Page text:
No matter how passionate soprano Barbara Bonney gets, she never loses the unsullied purity of her tone. And in this 1994 disc of Schubert songs, Bonney often has cause to get passionate: her artless Der Hirt auf dem Felsen (D. 965) is transformed by passionate virtuosity, her mournful Mignon Lieder (D. 877) are transcended by passion, and her ecstatic Ganymed (D. 544) is transfigured by passion. But through all of it, Bonney's tone stays pure, the voice of stainless innocence in the face of sorrow, shame and even death. This is almost – but not quite always – a good thing. Bonney can surely sing the songs: her voice is sweet and her technique is graceful…
When Written on Skin had its premiere at the 2012 Festival d'Aix-en-Provence, conducted by George Benjamin himself, it received a standing ovation. The opera's arrival at Covent Garden in 2013 was eagerly anticipated, and provided audiences with the opportunity to experience the work of two of Britain's greatest living artists. Benjamin previously collaborated with playwright Martin Crimp on Into the Little Hill, a magical retelling of the Pied Piper fairytale, and for this new work they joined forces with acclaimed stage director Katie Mitchell. For all three, the production marked their main-stage debut at the Royal Opera House. The tale, inspired by a medieval legend, tells of an ill-fated troubadour, drawn into a liaison with an innocent maiden. But they are observed by the jealous eye of her protector, who wreaks a shocking revenge on the young couple.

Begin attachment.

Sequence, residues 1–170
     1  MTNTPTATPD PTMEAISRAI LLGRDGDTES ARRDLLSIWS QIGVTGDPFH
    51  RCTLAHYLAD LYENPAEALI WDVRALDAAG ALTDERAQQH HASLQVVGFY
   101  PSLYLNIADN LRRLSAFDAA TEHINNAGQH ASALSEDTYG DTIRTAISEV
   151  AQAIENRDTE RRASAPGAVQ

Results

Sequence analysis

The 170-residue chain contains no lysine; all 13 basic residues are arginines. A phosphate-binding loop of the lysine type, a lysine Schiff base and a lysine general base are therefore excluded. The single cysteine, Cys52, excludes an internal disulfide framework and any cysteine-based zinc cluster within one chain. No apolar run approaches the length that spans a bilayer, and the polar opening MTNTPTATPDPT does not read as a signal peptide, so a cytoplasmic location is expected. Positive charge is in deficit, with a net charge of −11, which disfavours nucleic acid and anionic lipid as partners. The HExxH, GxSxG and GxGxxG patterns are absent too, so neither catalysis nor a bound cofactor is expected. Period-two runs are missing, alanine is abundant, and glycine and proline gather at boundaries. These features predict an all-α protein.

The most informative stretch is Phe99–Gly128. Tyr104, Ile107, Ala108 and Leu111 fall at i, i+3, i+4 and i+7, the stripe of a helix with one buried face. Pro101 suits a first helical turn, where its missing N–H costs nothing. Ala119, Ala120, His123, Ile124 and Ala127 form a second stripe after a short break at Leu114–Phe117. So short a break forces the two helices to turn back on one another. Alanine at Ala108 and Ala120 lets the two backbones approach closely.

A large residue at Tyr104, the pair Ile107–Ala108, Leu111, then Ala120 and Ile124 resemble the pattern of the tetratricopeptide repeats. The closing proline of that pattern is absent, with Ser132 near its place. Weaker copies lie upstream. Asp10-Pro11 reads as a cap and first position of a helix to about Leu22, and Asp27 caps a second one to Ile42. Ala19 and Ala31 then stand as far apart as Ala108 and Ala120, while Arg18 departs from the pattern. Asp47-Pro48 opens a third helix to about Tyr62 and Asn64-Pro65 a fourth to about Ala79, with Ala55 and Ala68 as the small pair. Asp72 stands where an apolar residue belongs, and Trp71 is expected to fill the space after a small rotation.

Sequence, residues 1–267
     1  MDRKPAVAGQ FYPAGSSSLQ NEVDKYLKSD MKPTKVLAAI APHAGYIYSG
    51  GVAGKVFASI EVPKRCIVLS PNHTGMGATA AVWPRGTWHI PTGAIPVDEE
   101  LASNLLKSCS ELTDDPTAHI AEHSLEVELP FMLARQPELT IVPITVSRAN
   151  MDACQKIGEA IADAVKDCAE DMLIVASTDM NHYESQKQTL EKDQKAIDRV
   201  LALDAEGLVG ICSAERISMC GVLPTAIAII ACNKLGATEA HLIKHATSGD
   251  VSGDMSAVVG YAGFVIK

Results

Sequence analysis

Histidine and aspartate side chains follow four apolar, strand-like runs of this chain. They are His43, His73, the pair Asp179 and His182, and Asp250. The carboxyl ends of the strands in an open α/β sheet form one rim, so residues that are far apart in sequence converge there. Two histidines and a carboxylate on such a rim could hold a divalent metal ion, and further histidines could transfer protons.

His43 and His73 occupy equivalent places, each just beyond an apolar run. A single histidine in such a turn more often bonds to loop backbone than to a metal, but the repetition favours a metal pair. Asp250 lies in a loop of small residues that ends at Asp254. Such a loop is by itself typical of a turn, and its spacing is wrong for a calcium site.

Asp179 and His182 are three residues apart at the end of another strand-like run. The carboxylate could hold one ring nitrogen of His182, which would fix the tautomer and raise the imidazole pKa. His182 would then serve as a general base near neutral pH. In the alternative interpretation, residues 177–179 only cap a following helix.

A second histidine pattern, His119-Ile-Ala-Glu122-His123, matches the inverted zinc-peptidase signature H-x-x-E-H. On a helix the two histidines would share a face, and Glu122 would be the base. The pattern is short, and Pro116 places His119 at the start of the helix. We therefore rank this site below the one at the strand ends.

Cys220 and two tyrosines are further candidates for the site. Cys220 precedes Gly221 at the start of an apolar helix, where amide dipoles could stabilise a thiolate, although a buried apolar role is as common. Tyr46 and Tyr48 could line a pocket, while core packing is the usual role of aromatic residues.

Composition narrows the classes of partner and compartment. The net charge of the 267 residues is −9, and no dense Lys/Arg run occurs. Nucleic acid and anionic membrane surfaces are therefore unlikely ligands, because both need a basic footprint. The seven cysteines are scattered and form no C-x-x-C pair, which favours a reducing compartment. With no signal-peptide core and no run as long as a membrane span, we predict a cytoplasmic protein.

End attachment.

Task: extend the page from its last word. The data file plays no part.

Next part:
Barbara Bonney's recital of the Schumanns' songs is prefaced, in the booklet-note, with a little feminist homily from the singer defending the reputation of Clara as woman and artist. Clara hardly needs that kind of defence nowadays, witness recent CDs by Skovhus and Stutzmann, plus several others not reviewed in these pages; her songs are far from patronized, let alone neglected. Yet, for all the advocacy of these singers, her inspiration remains for me intermittent, though thoroughly conventional songs are occasionally leavened by notably individual ones, such as, here, her very last and unpublished song, Loreley, which vividly conjures up that dangerous creature, particu lady in the hectic piano part, evocatively played by Ashkenazy. Indeed it seems that Heine most inspired her, as "Sic liebten sich beide" from her Op. 13 provoked a setting of economically intense meaning, to which Bonney finely responds.– Gramophone [9/1997].
This studio recording was made in 1989 coinciding with a memorable production from the Metropolitan Opera, later captured on DVD. It's a delightful performance, and a wonderful highlight of Pavarotti's later career. Kathleen Battle's sparkling soprano is a brilliant accompaniment to Pavarotti's still-ringing tone.
"Pavarotti's voice was still beautiful and pliable, his phrasing exquisite. And he loved the role of Nemorino and always seemed happy with both its comedy and pathos–he steals every scene he's in, and no one minds…Kathleen Battle sings Adina with perfect, pearl-like tone, absolute fluency and commitment, and a trill to die for…Enzo Dara is an ideal Dulcamara, just the right combination of huckster and sentimentalist, with ease in every register and with fast music."
– Robert Levine, ClassicsToday.com
In 1988 when this period-instrument Figaro was released, the style was still a novelty, and Ostman gained some notoreity for his rushed tempos as well as the scrawniness of his chamber orchestra, by far the smallest to play this great opera on CD. Yet when I read a glowing review by Andrew Porter in the New Yorker, I immediately bought the performance, shortly discovering that it was a true gem in the extensive Figaro catalog.
By Santa Fe Listener